From the minute we are born, we are dependent.
Dependent on the doctors and nurses. We become dependent on the hospital staff to take care of us. We depend on our mothers to feed us, diaper us, and give us love and comfort. We depend on our fathers to show us love, comfort, and security. It is the natural order of things that we depend on others for our care in all our stages of life.
And we aren’t simply dependent on people; we are also reliant on things- electricity, the internet, physical and mental comforts, food, water, and so on. There comes a time, however, when we become independent; in fact, encouraged to do so when we reach a certain age to learn and accept the responsibility of being on our own.
Life happens- some things are good, and we celebrate our accomplishments, and some things are wrong, and we become dependent on things like alcohol, drugs, porn, and smoking- things that harm us and are once again dependent.
Breaking free from these destructive things isn’t easy. Some people stay dependent until the addictions and dangerous chains kill them. Some people manage to break free and begin a life of independence again.
Dependence can also be a foreign concept to people taught to be independent.
That is why dependence on Jesus is an afterthought for some of us until something like cancer comes along. Until the diagnosis is so bleak, we are forced to reconcile our lives and become dependent again.
“We can achieve our goals either by human effort or by the power of God. The dependence on God’s power is the best choice.”
― Lailah Gifty Akita, Pearls of Wisdom: Great mind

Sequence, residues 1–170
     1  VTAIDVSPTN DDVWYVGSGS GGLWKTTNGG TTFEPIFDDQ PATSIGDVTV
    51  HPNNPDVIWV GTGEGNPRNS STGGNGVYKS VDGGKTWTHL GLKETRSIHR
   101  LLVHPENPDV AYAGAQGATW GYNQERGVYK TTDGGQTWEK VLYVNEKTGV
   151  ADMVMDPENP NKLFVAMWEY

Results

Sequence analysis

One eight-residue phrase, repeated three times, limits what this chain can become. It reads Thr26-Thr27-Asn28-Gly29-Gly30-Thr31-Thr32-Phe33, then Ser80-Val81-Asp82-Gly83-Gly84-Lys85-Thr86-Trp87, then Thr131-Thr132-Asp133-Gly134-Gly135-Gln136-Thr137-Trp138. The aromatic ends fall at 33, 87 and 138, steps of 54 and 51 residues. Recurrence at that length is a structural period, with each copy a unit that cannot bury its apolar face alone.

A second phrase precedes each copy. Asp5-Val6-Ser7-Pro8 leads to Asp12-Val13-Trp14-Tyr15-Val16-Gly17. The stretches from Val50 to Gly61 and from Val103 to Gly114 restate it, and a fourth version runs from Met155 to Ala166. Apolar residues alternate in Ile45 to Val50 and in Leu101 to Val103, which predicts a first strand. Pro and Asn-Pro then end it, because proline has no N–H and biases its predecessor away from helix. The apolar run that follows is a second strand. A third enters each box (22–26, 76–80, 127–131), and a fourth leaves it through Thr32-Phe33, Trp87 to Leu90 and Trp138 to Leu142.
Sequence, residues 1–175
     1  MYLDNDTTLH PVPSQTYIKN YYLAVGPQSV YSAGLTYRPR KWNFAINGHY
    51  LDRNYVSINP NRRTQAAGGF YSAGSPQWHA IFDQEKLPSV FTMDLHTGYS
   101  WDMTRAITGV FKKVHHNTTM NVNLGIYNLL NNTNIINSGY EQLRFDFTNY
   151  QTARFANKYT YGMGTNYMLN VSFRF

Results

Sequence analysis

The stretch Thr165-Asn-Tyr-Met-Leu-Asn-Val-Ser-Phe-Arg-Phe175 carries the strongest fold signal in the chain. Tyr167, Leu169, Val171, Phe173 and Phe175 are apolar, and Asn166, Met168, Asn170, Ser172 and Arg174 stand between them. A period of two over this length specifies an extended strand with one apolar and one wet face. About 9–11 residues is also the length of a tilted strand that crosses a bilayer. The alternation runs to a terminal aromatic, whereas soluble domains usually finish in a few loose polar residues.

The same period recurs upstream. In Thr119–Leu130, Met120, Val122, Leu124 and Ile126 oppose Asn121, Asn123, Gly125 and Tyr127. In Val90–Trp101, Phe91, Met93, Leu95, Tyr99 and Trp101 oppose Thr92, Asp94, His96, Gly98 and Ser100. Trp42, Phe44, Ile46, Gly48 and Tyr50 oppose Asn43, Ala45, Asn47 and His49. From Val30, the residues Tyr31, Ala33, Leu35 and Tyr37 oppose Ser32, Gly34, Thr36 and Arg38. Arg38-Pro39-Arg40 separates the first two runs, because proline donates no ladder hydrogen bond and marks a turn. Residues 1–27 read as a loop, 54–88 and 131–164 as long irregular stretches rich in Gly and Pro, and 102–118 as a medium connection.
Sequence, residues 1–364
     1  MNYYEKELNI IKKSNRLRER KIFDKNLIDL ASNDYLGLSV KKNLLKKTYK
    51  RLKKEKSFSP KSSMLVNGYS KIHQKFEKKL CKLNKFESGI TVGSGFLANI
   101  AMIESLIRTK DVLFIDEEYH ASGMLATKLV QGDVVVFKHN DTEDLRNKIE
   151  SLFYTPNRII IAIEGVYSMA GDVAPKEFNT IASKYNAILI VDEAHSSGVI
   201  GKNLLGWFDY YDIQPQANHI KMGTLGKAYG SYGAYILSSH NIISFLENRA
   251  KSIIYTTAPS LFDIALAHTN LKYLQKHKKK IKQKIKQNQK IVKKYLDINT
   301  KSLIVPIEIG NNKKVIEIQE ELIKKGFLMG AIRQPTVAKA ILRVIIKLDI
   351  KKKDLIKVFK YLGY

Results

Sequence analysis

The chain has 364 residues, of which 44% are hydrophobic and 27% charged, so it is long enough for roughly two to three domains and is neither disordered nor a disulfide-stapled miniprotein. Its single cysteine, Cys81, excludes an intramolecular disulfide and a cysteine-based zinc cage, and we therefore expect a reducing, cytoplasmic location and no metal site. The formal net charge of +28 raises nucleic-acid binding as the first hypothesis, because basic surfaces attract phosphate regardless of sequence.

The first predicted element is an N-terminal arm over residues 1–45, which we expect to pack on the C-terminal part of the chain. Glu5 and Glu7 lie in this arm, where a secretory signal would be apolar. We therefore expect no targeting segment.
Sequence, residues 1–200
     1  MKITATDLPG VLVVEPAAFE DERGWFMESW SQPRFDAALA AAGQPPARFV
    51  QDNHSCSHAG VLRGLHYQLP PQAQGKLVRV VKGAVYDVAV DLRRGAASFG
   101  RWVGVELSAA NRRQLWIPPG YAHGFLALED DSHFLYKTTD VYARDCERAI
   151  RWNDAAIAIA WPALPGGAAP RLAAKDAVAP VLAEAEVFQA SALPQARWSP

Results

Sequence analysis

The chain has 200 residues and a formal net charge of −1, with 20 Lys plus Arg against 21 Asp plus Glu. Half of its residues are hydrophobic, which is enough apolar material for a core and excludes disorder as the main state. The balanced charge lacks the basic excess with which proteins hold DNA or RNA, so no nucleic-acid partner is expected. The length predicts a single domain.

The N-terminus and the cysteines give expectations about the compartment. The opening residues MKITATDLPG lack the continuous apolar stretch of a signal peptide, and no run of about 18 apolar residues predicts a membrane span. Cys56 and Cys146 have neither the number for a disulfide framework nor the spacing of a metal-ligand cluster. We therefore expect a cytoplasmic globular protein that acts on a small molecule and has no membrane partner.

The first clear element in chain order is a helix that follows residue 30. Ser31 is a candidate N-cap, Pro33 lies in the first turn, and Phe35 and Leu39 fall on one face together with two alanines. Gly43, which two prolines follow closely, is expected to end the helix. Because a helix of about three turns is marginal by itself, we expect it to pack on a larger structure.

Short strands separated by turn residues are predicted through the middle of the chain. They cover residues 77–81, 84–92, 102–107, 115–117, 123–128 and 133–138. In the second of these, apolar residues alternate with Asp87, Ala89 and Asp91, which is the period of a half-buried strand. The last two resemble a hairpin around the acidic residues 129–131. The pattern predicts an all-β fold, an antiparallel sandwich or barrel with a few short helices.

I could go on and on about depending on God. I could fill line after line telling you dependence on God is not a crutch; it is freedom. But would we really understand it that way?
I’ve lived most of my life depending on others- telling me what to do, telling me what not to do, dependent on my parents, my siblings, my ex-husband, and my children to validate who I am. My decisions usually go awry, and I spend days, sometimes months, kicking myself for making the wrong choice. Why? Because I do not depend on God for even the small things in my life.
Had I depended on God before my marriage, He might have led me elsewhere. Had I depended on God during my marriage, the hurt might have still been there, but maybe I could have made it through better than falling apart and relying on alcohol to get me through.
There was no dependence on God until everything had fallen apart, including me.
What if we depended on God every morning when we woke up to help us through our day? What if we depended on God for every decision we make instead of relying on intuition, “gut feelings,” or our understanding? What if we depend on God before the cancer diagnosis or the things beyond our control?
Hmmm. Some food for thought.
“The world sometimes misunderstands the idea of childlike faith, thinking that Christians are childlike because they believe in myths and fairytales. But this is not the Bible’s meaning when it compares us to children. Instead, childlike faith is a metaphor for trust, dependence and love, and an encouragement to ask for what we need”.https://www.compellingtruth.org/childlike-faith.html